Back at Cinesite, we worked very, very hard on blending the live-action actor and the dummy. I knew that the shot would eventually be played back frame-by-frame on the DVD, with people trying to work out at what point we were making the transition so, it had to be perfect! Blending the two elements sounds pretty simple, but it was actually quite complicated. We spend a lot of time in 2D, replacing large parts of the dummys costume with still frames of the actors costume, massaging the colors, doing some grading At the beginning of the transition, we also replaced the dummys eyes with the actors eyes to help blend the two faces together. We even incorporated a subtle blink on the dummys eyes at the moment of impact, just to add a touch of life. We also augmented the decapitation effect with extra blood elements that I had shot on greenscreen. As for the sign, we first took the real prop from the sign plate and combined it with the actors plate, making sure the timing was right. Then, we did a transition with the sign that actually chopped the head off in the dummy plate. So, there was a fair amount of digital massaging to make it work, all carried out in Shake, our compositing tool of choice for this movie.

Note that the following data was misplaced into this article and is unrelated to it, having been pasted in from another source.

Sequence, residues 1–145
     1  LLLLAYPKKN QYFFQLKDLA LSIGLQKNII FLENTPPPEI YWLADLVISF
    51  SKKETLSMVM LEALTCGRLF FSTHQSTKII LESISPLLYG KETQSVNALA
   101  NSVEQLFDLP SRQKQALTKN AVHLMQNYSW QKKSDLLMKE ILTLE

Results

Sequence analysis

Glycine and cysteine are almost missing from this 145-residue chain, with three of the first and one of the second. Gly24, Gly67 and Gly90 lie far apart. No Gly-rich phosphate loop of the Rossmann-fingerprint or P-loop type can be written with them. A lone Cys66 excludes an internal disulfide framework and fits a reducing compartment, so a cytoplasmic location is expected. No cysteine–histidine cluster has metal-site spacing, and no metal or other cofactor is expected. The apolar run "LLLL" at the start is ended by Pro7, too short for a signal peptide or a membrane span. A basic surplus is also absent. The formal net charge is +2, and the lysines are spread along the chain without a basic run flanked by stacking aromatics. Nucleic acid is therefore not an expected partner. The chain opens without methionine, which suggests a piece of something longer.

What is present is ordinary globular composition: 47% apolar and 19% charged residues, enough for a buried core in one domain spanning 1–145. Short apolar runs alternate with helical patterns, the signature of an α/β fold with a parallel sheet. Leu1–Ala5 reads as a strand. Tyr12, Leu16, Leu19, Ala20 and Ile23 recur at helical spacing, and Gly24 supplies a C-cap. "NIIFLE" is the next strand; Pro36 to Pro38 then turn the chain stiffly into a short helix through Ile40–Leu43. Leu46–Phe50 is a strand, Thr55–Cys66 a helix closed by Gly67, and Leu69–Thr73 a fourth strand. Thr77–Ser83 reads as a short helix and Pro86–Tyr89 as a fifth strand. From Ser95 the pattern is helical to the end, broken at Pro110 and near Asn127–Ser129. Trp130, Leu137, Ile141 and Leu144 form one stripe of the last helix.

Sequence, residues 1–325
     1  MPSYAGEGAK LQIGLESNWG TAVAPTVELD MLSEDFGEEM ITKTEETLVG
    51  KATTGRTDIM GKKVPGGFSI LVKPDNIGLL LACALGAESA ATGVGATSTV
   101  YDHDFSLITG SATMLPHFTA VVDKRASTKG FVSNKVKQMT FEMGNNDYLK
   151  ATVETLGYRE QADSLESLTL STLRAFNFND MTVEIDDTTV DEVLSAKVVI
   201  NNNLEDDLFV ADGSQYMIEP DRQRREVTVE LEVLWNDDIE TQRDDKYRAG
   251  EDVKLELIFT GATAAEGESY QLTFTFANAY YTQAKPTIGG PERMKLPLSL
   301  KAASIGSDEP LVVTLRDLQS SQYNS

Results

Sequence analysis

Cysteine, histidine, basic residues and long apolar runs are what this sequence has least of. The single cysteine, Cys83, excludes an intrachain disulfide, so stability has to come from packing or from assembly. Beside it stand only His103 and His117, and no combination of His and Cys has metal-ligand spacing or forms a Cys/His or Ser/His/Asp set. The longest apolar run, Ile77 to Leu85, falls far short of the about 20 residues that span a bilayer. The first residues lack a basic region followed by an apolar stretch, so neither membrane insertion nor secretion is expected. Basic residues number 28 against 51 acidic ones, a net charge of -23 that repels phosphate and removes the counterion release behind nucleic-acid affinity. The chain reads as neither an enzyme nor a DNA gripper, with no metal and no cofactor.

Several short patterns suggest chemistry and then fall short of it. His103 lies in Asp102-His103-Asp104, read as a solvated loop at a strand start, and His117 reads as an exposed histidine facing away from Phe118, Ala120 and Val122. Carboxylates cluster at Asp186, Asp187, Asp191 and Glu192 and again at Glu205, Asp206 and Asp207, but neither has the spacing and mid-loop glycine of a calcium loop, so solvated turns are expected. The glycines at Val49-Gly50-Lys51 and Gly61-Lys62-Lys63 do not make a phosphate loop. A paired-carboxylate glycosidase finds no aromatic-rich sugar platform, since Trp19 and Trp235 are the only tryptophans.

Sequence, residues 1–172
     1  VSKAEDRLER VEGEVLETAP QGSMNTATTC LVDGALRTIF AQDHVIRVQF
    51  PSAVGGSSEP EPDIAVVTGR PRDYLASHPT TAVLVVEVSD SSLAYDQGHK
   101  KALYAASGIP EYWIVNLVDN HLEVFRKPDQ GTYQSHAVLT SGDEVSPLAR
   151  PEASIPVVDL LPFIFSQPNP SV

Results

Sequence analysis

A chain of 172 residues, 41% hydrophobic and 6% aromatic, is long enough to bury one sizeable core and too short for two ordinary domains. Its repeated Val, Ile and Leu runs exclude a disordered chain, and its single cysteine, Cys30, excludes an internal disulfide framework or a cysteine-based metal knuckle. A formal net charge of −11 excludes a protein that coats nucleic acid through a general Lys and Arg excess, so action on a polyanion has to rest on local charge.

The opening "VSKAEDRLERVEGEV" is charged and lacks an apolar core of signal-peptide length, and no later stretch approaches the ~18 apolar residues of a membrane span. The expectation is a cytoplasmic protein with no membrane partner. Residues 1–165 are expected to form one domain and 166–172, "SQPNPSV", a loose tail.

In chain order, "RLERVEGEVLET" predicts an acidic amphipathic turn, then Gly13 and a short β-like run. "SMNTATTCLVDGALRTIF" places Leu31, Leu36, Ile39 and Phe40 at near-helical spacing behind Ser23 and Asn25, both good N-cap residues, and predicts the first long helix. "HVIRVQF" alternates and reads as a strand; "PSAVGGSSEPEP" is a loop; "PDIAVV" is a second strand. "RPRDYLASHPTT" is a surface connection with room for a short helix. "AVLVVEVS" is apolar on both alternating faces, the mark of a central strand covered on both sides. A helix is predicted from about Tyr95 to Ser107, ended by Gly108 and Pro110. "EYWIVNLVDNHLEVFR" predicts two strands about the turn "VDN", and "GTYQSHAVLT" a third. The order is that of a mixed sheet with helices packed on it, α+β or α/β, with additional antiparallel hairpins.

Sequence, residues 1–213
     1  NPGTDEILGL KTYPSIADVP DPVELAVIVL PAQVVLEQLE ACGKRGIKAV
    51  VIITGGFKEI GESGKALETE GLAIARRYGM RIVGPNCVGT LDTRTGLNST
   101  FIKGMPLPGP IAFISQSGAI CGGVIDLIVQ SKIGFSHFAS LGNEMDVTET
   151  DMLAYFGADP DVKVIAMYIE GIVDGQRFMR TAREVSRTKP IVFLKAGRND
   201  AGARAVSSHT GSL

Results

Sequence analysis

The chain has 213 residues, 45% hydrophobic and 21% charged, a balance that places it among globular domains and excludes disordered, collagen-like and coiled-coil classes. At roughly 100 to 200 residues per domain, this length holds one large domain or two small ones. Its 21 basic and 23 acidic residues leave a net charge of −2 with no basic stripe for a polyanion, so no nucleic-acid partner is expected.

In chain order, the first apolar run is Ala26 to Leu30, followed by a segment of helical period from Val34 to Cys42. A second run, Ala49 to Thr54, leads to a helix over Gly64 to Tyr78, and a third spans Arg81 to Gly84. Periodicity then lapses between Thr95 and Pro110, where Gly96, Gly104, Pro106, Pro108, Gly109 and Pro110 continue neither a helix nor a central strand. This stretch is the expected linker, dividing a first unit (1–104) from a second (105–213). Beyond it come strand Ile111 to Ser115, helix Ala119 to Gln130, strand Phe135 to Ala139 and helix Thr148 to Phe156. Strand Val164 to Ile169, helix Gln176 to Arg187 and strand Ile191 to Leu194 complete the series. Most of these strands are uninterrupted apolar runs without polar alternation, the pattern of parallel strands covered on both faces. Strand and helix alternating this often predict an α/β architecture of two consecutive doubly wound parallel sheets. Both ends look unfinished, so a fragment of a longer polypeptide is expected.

In the following shot, the headless body remains upright for a moment before falling back in a staircase. A plate was shot with a stuntman performing the action, his head covered with a green hood. A second plate captured the clean background. Compositors first painted the hood out, leaving a headless character. Then, 3D supervisor John Neill and his team used Maya to build a CG stump that was match-moved to the falling body. The model was textured with still photographs that combined meat and gory images found on the Internet. The CG team also reconstructed the back of the costume that was covered up by the stuntmans head. The elements were then rendered in RenderMan. Final touches to the decapitation scene included set extensions. The plates had been shot on a studio backlot in Prague. In order to place the action in Israel, matte painter Dave Early created the appropriate environment in Photoshop.